(I) The executive director shall not decrease the quarterly sampling requirement until a groundwater system has taken a minimum of two quarterly samples.

        (II) The executive director shall not decrease the quarterly sampling requirement until a surface water system has taken a minimum of four quarterly samples.

  (5) Asbestos monitoring frequency. Community and nontransient, noncommunity water systems shall monitor for asbestos at the following frequency.

    (A) A public water system shall routinely monitor for asbestos once during the first three years of each compliance cycle.

    (B) The executive director may waive the routine monitoring frequency requirements for asbestos.

      (i) When determining if a waiver should be granted, the executive director shall consider:

        (I) the potential for asbestos contamination of the water source;

        (II) the use of asbestos-cement pipe for finished water distribution; and

        (III) the corrosivity of the water.

      (ii) If the executive director grants a waiver, it shall be made in writing and shall set forth the basis for the determination. The determination may be initiated by the executive director. The executive director shall review and, where appropriate, revise the waiver of monitoring frequency when other data relevant to the system becomes available.

      (iii) The term during which the waiver is effective shall not exceed one compliance cycle (i.e., nine years).

    (C) The executive director may increase the monitoring frequency for asbestos.

      (i) A system that exceeds the MCL for asbestos shall sample quarterly beginning in the next quarter after the violation occurs.

      (ii) After the initiation of quarterly sampling, the executive director may return a system to the routine monitoring frequency if monitoring shows that the system is reliably and consistently below the MCL.

        (I) The executive director shall not decrease the quarterly sampling requirement until a groundwater system has taken a minimum of two quarterly samples.

        (II) The executive director shall not decrease the quarterly sampling requirement until a surface (or combined surface water and groundwater) water system has taken a minimum of four quarterly samples.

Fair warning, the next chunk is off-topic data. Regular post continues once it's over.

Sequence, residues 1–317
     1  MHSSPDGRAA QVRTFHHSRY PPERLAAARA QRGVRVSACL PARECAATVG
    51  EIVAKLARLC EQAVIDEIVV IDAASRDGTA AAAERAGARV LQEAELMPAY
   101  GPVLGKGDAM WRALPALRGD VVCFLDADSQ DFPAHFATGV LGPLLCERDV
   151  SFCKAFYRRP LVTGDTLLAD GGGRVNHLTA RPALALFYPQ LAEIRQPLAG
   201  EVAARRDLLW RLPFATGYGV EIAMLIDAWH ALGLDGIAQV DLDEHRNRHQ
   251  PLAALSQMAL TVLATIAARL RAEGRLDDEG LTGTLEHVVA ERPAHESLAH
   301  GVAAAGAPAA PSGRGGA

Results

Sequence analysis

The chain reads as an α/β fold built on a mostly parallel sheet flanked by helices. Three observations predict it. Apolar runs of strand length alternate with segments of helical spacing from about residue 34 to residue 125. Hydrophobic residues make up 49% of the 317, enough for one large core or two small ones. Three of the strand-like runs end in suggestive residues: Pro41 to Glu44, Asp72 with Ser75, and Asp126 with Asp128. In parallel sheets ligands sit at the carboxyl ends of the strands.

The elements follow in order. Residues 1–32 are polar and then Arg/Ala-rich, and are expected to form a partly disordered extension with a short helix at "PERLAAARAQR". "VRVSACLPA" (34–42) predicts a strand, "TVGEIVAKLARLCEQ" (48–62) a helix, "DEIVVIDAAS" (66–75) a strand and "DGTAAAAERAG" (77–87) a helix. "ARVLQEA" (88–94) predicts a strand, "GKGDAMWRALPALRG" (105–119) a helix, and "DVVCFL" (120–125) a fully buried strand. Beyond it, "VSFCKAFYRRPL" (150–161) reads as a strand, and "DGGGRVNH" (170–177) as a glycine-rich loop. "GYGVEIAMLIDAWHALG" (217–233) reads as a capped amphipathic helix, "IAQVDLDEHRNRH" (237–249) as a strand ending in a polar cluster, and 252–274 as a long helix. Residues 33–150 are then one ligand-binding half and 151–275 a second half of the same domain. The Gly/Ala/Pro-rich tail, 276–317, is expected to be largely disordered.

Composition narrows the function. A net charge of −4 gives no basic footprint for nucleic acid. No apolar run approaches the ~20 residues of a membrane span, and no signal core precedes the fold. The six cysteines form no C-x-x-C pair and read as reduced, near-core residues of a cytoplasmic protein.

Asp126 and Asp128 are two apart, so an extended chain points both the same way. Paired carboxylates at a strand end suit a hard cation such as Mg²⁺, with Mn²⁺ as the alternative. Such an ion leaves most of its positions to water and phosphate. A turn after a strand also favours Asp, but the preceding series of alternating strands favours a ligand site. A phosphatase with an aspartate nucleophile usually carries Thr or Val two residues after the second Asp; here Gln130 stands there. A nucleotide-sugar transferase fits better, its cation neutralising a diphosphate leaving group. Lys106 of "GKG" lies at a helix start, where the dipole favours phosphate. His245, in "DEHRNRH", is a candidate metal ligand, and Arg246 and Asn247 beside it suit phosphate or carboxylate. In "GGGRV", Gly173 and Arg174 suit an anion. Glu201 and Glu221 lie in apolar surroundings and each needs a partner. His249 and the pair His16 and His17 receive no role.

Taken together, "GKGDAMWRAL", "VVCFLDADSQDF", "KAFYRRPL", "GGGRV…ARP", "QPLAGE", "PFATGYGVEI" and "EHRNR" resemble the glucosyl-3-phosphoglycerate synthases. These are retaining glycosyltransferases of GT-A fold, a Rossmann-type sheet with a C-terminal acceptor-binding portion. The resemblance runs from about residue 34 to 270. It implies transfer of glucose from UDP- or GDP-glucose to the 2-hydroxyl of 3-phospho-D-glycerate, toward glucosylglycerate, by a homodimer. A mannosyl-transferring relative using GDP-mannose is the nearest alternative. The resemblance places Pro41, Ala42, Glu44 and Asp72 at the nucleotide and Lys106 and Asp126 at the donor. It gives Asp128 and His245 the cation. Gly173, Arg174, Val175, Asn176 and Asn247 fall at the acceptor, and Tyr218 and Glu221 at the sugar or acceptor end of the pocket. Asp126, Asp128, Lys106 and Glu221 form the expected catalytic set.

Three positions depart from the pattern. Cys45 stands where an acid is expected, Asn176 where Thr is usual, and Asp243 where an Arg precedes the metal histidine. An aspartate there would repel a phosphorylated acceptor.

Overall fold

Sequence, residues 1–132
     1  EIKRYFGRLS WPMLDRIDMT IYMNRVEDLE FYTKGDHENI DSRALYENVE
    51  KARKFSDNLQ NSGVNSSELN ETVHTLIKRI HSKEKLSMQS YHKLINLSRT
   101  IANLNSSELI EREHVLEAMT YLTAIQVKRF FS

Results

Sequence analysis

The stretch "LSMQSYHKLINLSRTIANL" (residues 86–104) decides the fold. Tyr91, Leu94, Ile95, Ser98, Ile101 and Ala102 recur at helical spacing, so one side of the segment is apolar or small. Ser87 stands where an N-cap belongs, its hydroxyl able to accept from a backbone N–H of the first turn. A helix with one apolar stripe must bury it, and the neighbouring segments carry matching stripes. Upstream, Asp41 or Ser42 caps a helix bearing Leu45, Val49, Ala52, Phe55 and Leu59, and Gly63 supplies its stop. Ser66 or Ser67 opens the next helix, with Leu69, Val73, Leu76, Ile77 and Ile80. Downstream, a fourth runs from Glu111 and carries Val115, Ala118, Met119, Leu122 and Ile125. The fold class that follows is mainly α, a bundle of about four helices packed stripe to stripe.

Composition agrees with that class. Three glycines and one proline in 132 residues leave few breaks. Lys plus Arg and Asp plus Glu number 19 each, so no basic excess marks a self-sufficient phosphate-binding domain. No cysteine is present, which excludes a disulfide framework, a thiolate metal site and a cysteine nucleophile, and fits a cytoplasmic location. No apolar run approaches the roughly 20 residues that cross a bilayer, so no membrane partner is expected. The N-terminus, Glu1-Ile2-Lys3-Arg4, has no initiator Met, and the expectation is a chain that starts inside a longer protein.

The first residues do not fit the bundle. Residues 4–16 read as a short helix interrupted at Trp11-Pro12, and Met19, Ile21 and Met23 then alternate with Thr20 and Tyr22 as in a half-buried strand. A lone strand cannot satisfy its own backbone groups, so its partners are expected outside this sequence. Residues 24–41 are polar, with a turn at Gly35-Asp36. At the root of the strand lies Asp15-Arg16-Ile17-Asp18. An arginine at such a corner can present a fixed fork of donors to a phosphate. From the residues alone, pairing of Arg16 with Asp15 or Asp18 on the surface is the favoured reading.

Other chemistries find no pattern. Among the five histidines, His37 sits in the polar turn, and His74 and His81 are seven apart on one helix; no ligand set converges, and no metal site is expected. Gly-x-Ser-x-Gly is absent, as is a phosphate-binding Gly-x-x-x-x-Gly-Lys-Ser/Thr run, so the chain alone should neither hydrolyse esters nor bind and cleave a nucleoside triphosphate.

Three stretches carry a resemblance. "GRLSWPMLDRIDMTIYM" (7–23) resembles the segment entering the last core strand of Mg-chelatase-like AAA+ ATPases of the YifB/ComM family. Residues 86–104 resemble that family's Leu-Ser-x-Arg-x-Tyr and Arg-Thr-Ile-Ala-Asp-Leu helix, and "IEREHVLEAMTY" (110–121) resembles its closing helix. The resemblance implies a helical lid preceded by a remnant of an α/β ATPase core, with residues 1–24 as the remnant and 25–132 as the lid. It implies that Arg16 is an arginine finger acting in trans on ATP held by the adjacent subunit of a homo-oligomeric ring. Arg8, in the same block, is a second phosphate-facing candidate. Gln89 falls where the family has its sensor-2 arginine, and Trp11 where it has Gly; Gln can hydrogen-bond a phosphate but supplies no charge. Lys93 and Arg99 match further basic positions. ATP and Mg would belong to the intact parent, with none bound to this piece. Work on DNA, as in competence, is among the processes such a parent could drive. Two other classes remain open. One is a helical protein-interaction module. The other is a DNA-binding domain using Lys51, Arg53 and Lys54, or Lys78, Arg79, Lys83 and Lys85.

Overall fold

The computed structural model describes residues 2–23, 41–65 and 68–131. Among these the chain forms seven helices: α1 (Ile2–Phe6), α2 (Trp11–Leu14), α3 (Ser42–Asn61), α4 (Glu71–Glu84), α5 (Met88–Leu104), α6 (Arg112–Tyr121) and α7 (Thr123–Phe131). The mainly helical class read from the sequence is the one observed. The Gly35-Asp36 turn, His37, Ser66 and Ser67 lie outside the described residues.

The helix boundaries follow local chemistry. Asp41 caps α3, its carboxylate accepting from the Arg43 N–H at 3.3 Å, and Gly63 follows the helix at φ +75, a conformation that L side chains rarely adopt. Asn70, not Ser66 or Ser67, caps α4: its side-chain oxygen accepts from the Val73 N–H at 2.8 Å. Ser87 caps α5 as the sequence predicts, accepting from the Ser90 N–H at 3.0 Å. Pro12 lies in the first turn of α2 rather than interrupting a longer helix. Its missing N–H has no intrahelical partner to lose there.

(6) Nitrate monitoring frequency. All public water systems shall monitor for nitrate at the following frequency.

    (A) Routine nitrate monitoring frequency. All public water systems shall routinely monitor for nitrate.

      (i) All public water systems shall annually sample at each groundwater entry point to the distribution system.

      (ii) A community or nontransient, noncommunity water system shall sample quarterly at each surface water entry point to the distribution system.

      (iii) A transient, noncommunity water system shall sample annually at each surface water entry point to the distribution system.

    (B) Reduced nitrate monitoring frequency. The executive director may reduce the monitoring frequency for community or nontransient, noncommunity water systems using surface water sources by granting a waiver to the routine monitoring frequency.

      (i) To be considered for a waiver, a system shall demonstrate that the nitrate concentration in each sample collected during the previous four consecutive quarters was less than 50% of the nitrate MCL.

      (ii) If the executive director grants a waiver, it shall be made in writing and shall set forth the basis for the determination. The determination may be initiated by the executive director. The executive director shall review and, where appropriate, revise the waiver of monitoring frequency when other data relevant to the system becomes available.

      (iii) A system that receives a waiver to the routine nitrate monitoring frequency must sample annually for nitrate. The annual sample must be collected in the quarter that previously resulted in the highest nitrate concentration.

    (C) Increased nitrate monitoring frequency. The executive director may increase the nitrate monitoring frequency for community or nontransient, noncommunity water systems using groundwater sources.

      (i) A system that is sampling annually shall begin quarterly nitrate sampling if the nitrate concentration in any sample is equal to or greater than 50% of the nitrate MCL. Quarterly sampling must begin the first quarter after the elevated nitrate level was detected.

Cont'd...